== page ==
HONG KONG (Reuters Breakingviews) – Australian cheese-maker Bega could buy Lion Dairy for $402 million after the government blocked a Chinese buyer. A local champion might consolidate the domestic market, but there are few substitutes for demand from the People’s Republic.
An offer from China Mengniu Dairy was the first to be blocked by the Foreign Investment Review Board after Australia shook up investment law in July. Mengniu’s state-owned shareholder COFCO Dairy played poorly in Canberra as the relationship with Beijing soured. Local media reported that the deal curdled thanks to “diplomatic issues”.
But given Bega Cheese’s interest, Lion’s Japanese owner Kirin can relax. The price has barely changed despite a tumultuous year, and shareholders will be glad to be rid of a subsidiary that mixed oddly with a portfolio of boozy beverages.
However, Lion’s employees and suppliers, including more than 550 farmers, have less to celebrate. A sale to Mengniu would have helped to tap the Chinese market, which is almost eight times larger than Australia’s, and growing faster too. Last month, New Zealand-based rival Fonterra said demand for its milk in the country was so strong that it would raise product prices. Thanks to that, Chief Executive Miles Hurrell expects some $6.6 billion of revenue to flow into New Zealand in the current fiscal year. Without Mengniu, Lion is unlikely to generate anything like that Down Under.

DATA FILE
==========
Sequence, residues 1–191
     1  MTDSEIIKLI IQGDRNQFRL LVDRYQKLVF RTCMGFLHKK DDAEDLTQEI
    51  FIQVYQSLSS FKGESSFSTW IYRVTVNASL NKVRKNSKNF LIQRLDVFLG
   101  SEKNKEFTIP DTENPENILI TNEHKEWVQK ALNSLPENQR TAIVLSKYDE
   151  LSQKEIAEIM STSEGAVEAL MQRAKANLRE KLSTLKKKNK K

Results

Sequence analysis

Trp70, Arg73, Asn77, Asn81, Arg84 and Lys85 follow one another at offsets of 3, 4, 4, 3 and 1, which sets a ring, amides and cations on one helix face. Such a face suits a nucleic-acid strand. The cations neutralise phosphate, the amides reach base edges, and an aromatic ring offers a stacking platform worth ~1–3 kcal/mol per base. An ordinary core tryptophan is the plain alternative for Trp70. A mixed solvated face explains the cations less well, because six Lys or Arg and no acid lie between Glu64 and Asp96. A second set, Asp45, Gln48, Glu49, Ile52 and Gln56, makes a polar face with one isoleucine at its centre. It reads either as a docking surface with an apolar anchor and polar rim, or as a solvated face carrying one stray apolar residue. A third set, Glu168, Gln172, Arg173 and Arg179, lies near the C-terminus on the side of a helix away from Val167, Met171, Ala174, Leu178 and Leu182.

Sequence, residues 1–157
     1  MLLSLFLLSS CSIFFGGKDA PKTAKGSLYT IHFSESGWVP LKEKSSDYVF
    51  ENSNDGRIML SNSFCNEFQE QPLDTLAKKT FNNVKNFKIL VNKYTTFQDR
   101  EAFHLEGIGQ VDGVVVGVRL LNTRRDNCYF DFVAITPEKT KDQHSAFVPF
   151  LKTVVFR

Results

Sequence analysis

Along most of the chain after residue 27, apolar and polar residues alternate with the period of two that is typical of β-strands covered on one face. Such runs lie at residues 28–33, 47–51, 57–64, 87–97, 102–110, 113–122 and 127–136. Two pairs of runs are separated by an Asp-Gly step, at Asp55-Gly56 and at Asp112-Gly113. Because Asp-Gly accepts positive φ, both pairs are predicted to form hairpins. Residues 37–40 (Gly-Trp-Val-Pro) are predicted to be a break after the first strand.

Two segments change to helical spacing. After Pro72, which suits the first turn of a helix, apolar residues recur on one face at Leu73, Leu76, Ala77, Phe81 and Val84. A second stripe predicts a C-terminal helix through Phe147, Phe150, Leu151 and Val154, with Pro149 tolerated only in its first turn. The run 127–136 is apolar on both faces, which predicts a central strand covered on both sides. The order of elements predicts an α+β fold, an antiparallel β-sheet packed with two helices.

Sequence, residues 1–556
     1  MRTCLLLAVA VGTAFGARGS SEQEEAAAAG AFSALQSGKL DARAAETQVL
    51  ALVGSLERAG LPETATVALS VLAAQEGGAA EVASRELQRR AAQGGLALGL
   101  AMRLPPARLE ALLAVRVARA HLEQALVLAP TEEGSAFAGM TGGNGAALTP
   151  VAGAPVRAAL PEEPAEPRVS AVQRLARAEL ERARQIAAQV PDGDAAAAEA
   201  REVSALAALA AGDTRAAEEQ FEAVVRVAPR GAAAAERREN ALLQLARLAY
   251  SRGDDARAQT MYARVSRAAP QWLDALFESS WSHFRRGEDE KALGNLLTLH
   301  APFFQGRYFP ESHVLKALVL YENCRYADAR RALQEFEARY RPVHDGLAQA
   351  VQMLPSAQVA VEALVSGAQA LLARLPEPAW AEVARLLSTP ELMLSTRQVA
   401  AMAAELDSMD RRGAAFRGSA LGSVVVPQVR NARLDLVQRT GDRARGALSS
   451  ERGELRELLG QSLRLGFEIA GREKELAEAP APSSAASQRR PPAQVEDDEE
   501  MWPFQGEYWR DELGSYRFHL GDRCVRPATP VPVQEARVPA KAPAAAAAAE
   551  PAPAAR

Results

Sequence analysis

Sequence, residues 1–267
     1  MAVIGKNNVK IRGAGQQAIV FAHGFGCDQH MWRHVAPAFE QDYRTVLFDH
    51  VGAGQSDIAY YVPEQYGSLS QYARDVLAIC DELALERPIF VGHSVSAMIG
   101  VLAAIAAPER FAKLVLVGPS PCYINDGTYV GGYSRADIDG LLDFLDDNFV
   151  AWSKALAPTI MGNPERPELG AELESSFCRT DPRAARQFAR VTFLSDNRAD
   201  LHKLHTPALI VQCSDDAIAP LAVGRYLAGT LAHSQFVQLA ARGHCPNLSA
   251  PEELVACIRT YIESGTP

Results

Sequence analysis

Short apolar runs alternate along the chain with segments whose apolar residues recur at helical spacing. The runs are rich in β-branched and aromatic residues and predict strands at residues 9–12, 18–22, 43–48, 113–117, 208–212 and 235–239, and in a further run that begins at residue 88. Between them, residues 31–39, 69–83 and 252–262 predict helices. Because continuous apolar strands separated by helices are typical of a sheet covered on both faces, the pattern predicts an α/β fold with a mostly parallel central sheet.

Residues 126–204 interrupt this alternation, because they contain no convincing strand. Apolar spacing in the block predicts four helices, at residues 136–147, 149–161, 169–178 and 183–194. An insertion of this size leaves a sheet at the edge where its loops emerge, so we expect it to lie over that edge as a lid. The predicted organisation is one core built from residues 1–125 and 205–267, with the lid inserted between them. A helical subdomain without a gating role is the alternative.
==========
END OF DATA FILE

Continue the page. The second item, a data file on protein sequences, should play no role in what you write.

Beijing’s retaliation for perceived Australian slights has exposed how dependent adjacent industries are to Chinese consumers. Treasury Wine Estates, for example, has seen its share price fall by more than a third this year as anti-dumping duties threatened exports to China.
There is some consolation to be found at home. Bega, which owns the iconic spread Vegemite, is building up an impressive array of brands. Adding Lion products like Yoplait and Farmers’ Union will give the $795 million company a local edge over rivals in a fragmented market. Although Bega is among the country’s top ten dairy companies by sales, its market share was less than 3% in 2020, according to Euromonitor. Given the political realities, there’s no use crying over spilt milk, but it is hard to deny the waste.
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